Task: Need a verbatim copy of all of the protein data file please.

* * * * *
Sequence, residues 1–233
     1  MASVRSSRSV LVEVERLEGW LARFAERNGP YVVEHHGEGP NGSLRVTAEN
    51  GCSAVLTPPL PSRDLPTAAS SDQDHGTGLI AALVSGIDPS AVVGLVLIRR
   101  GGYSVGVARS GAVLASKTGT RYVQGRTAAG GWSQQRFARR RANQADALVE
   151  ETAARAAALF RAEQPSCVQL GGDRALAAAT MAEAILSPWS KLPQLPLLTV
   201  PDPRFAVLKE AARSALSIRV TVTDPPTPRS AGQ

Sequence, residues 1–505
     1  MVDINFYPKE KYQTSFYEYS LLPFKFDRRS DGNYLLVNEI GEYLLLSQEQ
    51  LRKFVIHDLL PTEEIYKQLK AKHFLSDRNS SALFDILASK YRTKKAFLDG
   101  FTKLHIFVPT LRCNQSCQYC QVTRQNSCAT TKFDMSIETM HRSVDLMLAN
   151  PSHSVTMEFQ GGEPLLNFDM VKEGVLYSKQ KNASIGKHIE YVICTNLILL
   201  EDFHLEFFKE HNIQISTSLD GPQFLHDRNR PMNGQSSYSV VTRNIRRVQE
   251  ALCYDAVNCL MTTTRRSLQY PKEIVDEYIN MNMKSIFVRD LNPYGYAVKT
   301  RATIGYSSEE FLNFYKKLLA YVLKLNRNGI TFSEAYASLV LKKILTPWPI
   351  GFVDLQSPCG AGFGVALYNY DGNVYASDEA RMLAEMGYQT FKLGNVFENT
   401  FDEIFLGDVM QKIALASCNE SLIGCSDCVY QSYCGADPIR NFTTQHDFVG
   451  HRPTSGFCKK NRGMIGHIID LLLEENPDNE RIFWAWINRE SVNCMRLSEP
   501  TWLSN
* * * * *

Sequence, residues 1–233
     1  MASVRSSRSV LVEVERLEGW LARFAERNGP YVVEHHGEGP NGSLRVTAEN
    51  GCSAVLTPPL PSRDLPTAAS SDQDHGTGLI AALVSGIDPS AVVGLVLIRR
   101  GGYSVGVARS GAVLASKTGT RYVQGRTAAG GWSQQRFARR RANQADALVE
   151  ETAARAAALF RAEQPSCVQL GGDRALAAAT MAEAILSPWS KLPQLPLLTV
   201  PDPRFAVLKE AARSALSIRV TVTDPPTPRS AGQ

Sequence, residues 1–505
     1  MVDINFYPKE KYQTSFYEYS LLPFKFDRRS DGNYLLVNEI GEYLLLSQEQ
    51  LRKFVIHDLL PTEEIYKQLK AKHFLSDRNS SALFDILASK YRTKKAFLDG
   101  FTKLHIFVPT LRCNQSCQYC QVTRQNSCAT TKFDMSIETM HRSVDLMLAN
   151  PSHSVTMEFQ GGEPLLNFDM VKEGVLYSKQ KNASIGKHIE YVICTNLILL
   201  EDFHLEFFKE HNIQISTSLD GPQFLHDRNR PMNGQSSYSV VTRNIRRVQE
   251  ALCYDAVNCL MTTTRRSLQY PKEIVDEYIN MNMKSIFVRD LNPYGYAVKT
   301  RATIGYSSEE FLNFYKKLLA YVLKLNRNGI TFSEAYASLV LKKILTPWPI
   351  GFVDLQSPCG AGFGVALYNY DGNVYASDEA RMLAEMGYQT FKLGNVFENT
   401  FDEIFLGDVM QKIALASCNE SLIGCSDCVY QSYCGADPIR NFTTQHDFVG
   451  HRPTSGFCKK NRGMIGHIID LLLEENPDNE RIFWAWINRE SVNCMRLSEP
   501  TWLSN